NEW YORK (Reuters Breakingviews) - The U.S. economy isn’t quite allowing President Donald Trump a victory lap. But nor is it providing much fodder for critics. GDP growth slowed in the last quarter of 2018, still almost hitting the administration’s 3 percent target for the full year. The president, the Federal Reserve and market watchers can all take what they want from that.
A 2.6 percent pace of expansion in the final three months of last year topped the expectations of economists polled by Reuters. Growth was underpinned by consumer spending, the traditional mainstay of U.S. economic activity, and – more surprisingly in a quarter beset by stock-market volatility – by business investment.
Real GDP increased 2.9 percent for the year. Unfortunately for Trump, that merely matches the best annual performance under his predecessor, in 2015. He’ll have to wait another year, at least, to top Barack Obama’s record and claim economic vindication for the tax cuts that powered corporate earnings in 2018.
Meanwhile, Jerome Powell’s Fed, now in “patient” mode rather than eager to raise interest rates further, can see that stance reflected in the economy. Growth neither overheated nor slowed much in the most recent quarter and 2018 as a whole. The personal consumption expenditures price index rose 2 percent last year, right on the central bank’s inflation target.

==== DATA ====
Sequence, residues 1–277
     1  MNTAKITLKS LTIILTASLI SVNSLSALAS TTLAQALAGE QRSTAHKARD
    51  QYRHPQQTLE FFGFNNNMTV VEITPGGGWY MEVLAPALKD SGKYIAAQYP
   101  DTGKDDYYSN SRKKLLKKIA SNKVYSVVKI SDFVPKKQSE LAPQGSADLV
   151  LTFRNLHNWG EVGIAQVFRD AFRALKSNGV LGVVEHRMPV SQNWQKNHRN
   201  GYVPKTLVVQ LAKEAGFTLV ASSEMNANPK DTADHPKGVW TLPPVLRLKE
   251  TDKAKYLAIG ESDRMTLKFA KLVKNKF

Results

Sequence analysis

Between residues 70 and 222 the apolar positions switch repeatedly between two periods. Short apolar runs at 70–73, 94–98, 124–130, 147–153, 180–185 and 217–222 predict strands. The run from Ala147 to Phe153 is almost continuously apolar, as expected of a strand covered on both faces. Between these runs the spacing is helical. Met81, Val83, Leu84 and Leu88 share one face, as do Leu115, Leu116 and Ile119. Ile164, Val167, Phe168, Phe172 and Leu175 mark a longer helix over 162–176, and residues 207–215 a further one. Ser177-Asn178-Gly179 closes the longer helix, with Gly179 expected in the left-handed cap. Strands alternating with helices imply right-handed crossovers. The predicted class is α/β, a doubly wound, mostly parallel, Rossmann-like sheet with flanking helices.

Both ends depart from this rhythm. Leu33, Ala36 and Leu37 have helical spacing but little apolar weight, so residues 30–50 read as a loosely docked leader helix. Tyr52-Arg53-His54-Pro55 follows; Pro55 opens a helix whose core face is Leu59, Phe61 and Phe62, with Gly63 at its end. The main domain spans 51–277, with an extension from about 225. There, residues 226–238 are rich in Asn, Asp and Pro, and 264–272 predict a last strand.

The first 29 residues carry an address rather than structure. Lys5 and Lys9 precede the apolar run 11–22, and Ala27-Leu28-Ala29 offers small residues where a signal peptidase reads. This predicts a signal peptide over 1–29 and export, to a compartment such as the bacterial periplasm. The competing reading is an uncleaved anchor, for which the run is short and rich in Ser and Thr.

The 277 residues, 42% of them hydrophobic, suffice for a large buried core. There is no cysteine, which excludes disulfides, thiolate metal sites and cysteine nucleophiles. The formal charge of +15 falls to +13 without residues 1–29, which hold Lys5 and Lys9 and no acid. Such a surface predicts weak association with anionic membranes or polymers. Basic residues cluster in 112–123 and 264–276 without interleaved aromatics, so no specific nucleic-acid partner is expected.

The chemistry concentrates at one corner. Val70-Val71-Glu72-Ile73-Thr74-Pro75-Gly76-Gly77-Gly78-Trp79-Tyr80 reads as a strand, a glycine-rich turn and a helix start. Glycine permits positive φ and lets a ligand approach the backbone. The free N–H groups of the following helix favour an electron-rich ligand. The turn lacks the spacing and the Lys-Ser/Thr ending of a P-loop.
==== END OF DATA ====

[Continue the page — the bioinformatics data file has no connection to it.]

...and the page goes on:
All that said, two-thirds of this year’s first quarter has already elapsed, including most of January with the government partially closed because of budget fights in Congress. The shutdown even delayed Thursday’s GDP report. Economists expect it to dent economic growth this quarter, though the effect should largely reverse later.
The bigger question is whether last year’s tax-cut stimulus will stoke sustainably faster growth. There are also headwinds. Trump has lately de-escalated trade tensions with China, by delaying additional tariffs on imports and toning down his rhetoric. But risks to trade remain, even as the International Monetary Fund and others have downgraded forecasts for global growth.
There’s also the possibility of further battles in Washington over federal spending and borrowing. The Goldilocks fourth-quarter GDP report, as Action Economics called it, offers something for everyone, including those who are still worried about this year’s outlook.
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